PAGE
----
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HOME : African & Tribal Art : Masterpieces of African Art : Songye Wooden Bishimba Power Statue
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Songye Wooden Bishimba Power Statue - PF.4705 (LSO)
Origin: Southeastern Congo
Circa: 19 th Century AD to 20 th Century AD
Dimensions: 56.25" (142.9cm) high x 9.5" (24.1cm) wide
Collection: African
Style: Songye
Medium: Wood and Mixed Media

Additional Information: Hong Kong

Location: Great Britain
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This incredibly imposing sculpture of a standing man was made by the Songye people of what was once Zaire. It is in the conventional form but spectacularly larger than is common for such pieces. It stands upon an integral circular base with bent legs, angular block-section limbs, a protuberant abdomen, oversized hands, a columnar neck and a broad face narrowing to a square chin. The eyes are low-relief, with a straight nose and a square, open mouth. Detailing includes outsized male genitalia, an incised umbilicus and a tall (goat?) horn inserted into the top of the head with accompanying leather/fur. The entire surface is patinated with a glossy sheen indicative of age and use, and there are other signs – including stable cracks – of considerable age.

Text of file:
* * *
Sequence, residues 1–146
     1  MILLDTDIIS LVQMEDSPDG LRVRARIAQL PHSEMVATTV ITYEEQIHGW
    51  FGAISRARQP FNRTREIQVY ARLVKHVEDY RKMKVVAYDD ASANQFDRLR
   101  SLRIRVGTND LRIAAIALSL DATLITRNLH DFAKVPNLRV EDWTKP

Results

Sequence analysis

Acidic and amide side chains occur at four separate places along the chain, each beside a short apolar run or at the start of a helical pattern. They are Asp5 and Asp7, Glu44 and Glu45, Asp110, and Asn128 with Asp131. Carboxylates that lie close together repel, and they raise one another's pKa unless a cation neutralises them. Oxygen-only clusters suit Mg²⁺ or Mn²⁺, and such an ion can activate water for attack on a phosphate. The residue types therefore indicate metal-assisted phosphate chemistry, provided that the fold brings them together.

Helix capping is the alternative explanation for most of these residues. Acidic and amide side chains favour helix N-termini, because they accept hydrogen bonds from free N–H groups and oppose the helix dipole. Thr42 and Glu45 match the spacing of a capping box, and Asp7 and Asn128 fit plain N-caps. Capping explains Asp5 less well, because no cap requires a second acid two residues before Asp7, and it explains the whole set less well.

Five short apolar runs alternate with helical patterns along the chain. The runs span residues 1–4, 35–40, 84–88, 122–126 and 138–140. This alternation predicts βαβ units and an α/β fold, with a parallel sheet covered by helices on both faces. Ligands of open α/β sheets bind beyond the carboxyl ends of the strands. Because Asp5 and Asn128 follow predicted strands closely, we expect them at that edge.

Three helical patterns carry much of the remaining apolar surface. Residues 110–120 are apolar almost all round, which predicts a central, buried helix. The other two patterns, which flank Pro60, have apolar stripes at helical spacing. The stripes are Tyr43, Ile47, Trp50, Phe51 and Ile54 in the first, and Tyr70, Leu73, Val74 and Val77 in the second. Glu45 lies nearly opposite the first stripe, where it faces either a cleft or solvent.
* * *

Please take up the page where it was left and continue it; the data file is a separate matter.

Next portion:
The Songye people are based in the Democratic Republic of Congo (formerly Zaire). They were founded in the 16th century following an exodus from the neighbouring Shaba area, settling near to the Lualuba River. There are around 150,000 Songye divided into subgroupings that are under the governorship of a central chief known as the Yakitenge. More local governance is in the hands of chiefs known as Sultani Ya Muti. Their economy is based upon agriculture and pastoralism.

The Songye are perhaps best known for their artworks, which are both institutional and domestic/personal in nature. Their best-known artefacts are masks created for members of the Bwadi Bwa Kifwebe. The word kifwebe means “mask” in Songye, and describes long-faced creations decorated with curvilinear designs. Crested examples are male, while plain-topped ones are female; these interact during masquerades to demonstrate the contrasting virtues of power (male) and familial values (female). The most impressive figural works are wooden sculptures that are usually decorated with feathers and other organic materials, and which are known as Bishimba. Their magical powers are contained within the horn that’s is usually inserted into the top of the head, which may contain objects such as organic residues, grave earth and biological objects such as feathers, claws or fur. The figures are often adorned with gifts in the form of furs, bells and other objects that are used to dress the figure; they also tend to receive libations, physical manifestations of appeals made for spiritual assistance.

This piece has clearly received such attentions, and judging from its size must have been a major focus for a large population. It is a very striking and important piece of African art.

- (PF.4705 (LSO))


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